I’ve spent. a lot time thinking about stoner metal/rock (OK, not a lot of time, but some time, give me a break here). Specifically, I’ve been thinking on what makes me listen to the albums that I do choose to listen to extensively from the genre. After all, the genre itself is infamously crowded with copy-cats, derivative musicians, and an overall feeling of staleness, as if the 60’s and the 70’s never happened. There are artists which almost everyone recognizes as rising above that but, in general, people tend to throw this genre into the waste-bin of history and, to be honest, I don’t really disagree. As a whole. But I still feel like there are some releases within the genre that are worthy of our time. Innovation or experimentation is not exactly what sets them apart; stoner, doom, desert, psychedelic rock or whatever you want to call these sounds are not exactly sought after for how much they push the envelope.
I think that a better category to “catch” this kind of music that still interests me is wildness. It’s possible to play the same exact riff in a boring way and an interesting way. The latter explores the boundaries of the musical idea, with tone or with a different kind of execution, and makes it feel passionate, wild, and free even if the mathematics show the exact same riff or idea being played. Of course the problem with stoner is not really that the same exact riff is played but that the same kind of milieu or style is used to generate the music, to draw ideas from, and that creates sameness. But the principle of wildness still holds true; you can grab your ideas from the same toolbox but if you use them with flair, you’ll sound better than the next band down the line.
I swear I’m getting to the album, here we go: High Priestess‘s latest release, Casting the Circle, is a great example of that sense of wildness. The band’s second album achieves this wildness with two tools: the first is deep, satisfying harmony on the opening tracks of the release. The second is a sense of unfettered improvisation and scope on the seventeen minute long “Invocation”, which dominates the second half of the album. Through both of these approaches, Casting the Circle shows us how a band can operate within the established boundaries of their genre (in this case, a kind of psychedelic doom) and still inject their sound with a fresh, engaging, and interesting sort of sound.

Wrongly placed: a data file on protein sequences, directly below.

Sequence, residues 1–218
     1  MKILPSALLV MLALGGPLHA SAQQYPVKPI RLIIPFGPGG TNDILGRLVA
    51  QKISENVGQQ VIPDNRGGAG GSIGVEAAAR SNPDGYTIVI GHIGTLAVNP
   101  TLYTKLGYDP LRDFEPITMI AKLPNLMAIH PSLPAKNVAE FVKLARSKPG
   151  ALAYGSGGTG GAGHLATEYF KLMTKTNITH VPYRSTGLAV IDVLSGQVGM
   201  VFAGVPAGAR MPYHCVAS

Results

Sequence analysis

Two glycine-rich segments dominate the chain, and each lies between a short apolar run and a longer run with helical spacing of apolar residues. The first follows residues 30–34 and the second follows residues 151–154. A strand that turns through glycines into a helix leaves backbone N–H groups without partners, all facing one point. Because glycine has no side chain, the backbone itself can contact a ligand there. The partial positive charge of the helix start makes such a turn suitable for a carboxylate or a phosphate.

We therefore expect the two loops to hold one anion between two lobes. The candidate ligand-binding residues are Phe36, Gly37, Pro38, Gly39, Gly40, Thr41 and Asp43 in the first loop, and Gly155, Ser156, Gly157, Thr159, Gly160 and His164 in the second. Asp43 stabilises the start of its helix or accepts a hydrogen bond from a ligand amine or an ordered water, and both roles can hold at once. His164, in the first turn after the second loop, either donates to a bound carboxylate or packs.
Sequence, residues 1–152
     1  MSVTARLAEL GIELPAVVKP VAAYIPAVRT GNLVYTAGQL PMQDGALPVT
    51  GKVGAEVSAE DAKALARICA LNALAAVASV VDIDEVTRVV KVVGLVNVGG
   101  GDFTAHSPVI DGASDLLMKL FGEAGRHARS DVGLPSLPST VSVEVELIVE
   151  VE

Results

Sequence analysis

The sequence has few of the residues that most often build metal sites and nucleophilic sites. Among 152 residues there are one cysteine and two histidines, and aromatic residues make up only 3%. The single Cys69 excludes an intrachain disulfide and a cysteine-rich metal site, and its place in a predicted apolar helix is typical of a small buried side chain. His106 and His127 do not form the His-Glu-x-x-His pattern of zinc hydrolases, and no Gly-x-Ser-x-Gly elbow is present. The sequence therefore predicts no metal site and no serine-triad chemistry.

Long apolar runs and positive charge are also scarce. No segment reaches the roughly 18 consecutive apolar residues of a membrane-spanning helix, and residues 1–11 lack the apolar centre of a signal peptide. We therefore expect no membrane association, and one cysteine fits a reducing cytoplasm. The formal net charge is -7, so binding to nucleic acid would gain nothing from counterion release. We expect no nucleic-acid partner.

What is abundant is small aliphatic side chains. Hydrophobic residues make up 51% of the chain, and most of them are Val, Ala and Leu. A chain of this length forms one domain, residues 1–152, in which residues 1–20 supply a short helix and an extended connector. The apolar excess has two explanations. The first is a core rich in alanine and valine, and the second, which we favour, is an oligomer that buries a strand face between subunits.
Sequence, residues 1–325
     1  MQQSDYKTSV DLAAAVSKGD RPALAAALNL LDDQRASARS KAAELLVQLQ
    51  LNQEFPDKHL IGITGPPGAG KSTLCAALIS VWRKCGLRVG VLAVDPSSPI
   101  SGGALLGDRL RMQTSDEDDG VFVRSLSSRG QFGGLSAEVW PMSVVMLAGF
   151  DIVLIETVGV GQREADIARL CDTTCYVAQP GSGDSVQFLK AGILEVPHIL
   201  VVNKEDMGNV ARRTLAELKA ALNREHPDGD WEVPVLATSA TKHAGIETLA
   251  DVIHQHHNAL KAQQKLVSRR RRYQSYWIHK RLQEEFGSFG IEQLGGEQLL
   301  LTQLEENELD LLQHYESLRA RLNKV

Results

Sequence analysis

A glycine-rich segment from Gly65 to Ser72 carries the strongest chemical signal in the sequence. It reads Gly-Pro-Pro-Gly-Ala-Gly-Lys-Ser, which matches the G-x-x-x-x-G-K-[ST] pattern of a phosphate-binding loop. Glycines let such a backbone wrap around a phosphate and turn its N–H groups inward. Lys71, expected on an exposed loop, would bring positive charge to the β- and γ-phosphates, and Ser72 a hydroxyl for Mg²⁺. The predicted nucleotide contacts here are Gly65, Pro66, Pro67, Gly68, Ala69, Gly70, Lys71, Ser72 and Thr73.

So, first: the harmonies. Perhaps the best example of this is on the track “The Hourglass”. Starting with a slow riff combined with old-school synths, the track sounds like what you might expect a band called High Priestess to make. Everything fits into place well but it’s when the vocals arrive that the track’s true power is revealed. The main line is also slow ponderous but, along its heights, it is backed by excellent vocal lines. The harmonies created here are just great to listen to; the backing vocals are interesting enough to warrant attention, made up of interlacing tracks and timbres. But they’re also dedicated enough to the main progression of the track that you can just sit back and let them wash over you, enchanted by their beauty, without any further analysis. These backing vocals are, of course, only as powerful as the main vocals and those are magnificent as well, bringing to full fruition the sounds and ideas which make up the meat of the track.
Throw in a killer guitar solo, some punchy drums, and present bass and you have one hell of a ticket to ride, a ticket which brings us right to “Invocation”. This aforementioned track is High Priestess letting loose, creating a sprawling epic chock full of solos, beguiling riffs, vocal styles, and an overall feeling of improvisation. Here, those wild energies that were hinted at along the solos of the previous track are given flight and full control, lending the track an energy that is extremely hard to resist. Everything is still coached in the smoked out, psychedelic vibes of the rest of the album but instead of feeling like you’re in a cathedral, with harmony reverberating around you, you get the feeling you’re on the verge of some sort of tribal dance, a great catharsis, an unleashing. The track goes many places, some heavier (like the absolutely crushing riff near the nine minute mark) or the tripped out beginning passages but whatever it does, it does with a sort of unrestrained passion that’s a joy to hear.
“Invocation” lands us on the cheeky and ethereal “Ave Satanas” (a sort of slowed down, psychedelic version of Mozart’s famous treatment of the idea) and the album’s end. My fingers tickle to write the usual rejoinder at the outset of stoner/doom/psychedelic album reviews, something about how this album doesn’t break any molds but is still a fun ride. But I’m really tired of writing that; the fact is, that’s not what I listen to these genres for. I listen to them to be transported, to let my inner animal loose, to revel in feedback, and in occult imagery done well, beyond usual cheesiness, done in earnest. If that’s what you’re looking for your in your fuzzy music then you’ve come to the right place: Casting the Circle has all of that in droves.
Casting the Circle releases on April 10th via the incredible Ripple Music. Head on over to the Bandcamp page above to pre-order it.